UFC on Fox 10: What We Learned from Benson Henderson vs. Josh Thomson

Jeremy BotterMMA Senior WriterJanuary 25, 2014

Josh Thomson talks to media during the media day at the United Center in Chicago, Thursday, Jan. 23, 2014. Josh Thomson will fight with Benson Henderson on Saturday, Jan. 25, 2014., at the United Center in Chicago. (AP Photo/Nam Y. Huh)
Nam Y. Huh/Associated Press

The Ultimate Fighting Championship's return to Chicago was initially met without much fanfare.

On paper, the card couldn't hold its own when held up next to the UFC's previous two Fox Chicago installments. The 2012 version featured Rashad Evans, Chael Sonnen, Michael Bisping and a guy named Chris Weidman. Last year, it was Rampage Jackson, Anthony Pettis, Donald Cerrone and a flyweight championship fight.

There was no such championship fight this time around, and the rest of the card couldn't compare to previous installments in terms of star power. Prejudging an event before it ever takes place is generally not a wise idea, especially when the main event features two fighters who are naturally predisposed to having thrilling fights.

But sometimes, the stars align. Sometimes, we are treated to an event that exceeds all expectations. If we are honest with one another, this happens more often than not.

But sometimes, the stars steer clear of one another, and we are given a forgettable fight card capped off with an absolutely horrendous judging decision.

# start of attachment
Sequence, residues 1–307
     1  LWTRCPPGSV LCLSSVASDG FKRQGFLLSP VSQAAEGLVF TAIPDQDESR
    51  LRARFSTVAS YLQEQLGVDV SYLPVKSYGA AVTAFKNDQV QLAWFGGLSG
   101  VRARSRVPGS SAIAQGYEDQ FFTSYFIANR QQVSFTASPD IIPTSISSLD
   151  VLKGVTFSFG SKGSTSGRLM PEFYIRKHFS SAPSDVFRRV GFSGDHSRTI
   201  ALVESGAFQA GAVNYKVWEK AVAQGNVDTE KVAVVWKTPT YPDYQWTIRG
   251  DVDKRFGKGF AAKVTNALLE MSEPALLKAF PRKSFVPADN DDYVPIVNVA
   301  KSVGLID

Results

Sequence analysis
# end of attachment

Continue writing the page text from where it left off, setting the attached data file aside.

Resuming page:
There were bright spots, to be sure, such as Donald Cerrone's fantastic head kick knockout over Adriano Martins. But the one thing we'll take away and remember from this card? The horrendous decision awarded to Benson Henderson in the main event.

I can accept the idea that Henderson perhaps won two rounds. Personally, I scored the fight 49-46 for Thomson, and there were those watching with me who scored all five rounds for Thomson. A clean sweep, if you will. I couldn't lean that far. But at most, I saw Henderson winning two rounds.

But never in my wildest dreams did I imagine Henderson being awarded a 49-46 by judge Sal D'Amato, or anyone else for that matter. Watching the fight, there is simply zero way for anyone of sound mind, with any nominal degree of mixed martial arts knowledge, to see Henderson winning four rounds. It is preposterous.

So, what did we learn? We learned the same thing we learn every two or three fight cards: that judging in mixed martial arts is an incredibly broken system. Without fail, we are reminded on a consistent basis that fighters are stripped of the victories they earned in the cage, and they are stripped of those wins by people who have no clue what they are watching in the cage.

Josh Thomson beat Benson Henderson. It wasn't pretty, and it wasn't nearly as exciting as we hoped it would be. But he won the fight, and he is limping away from Chicago without the thing he deserves the most.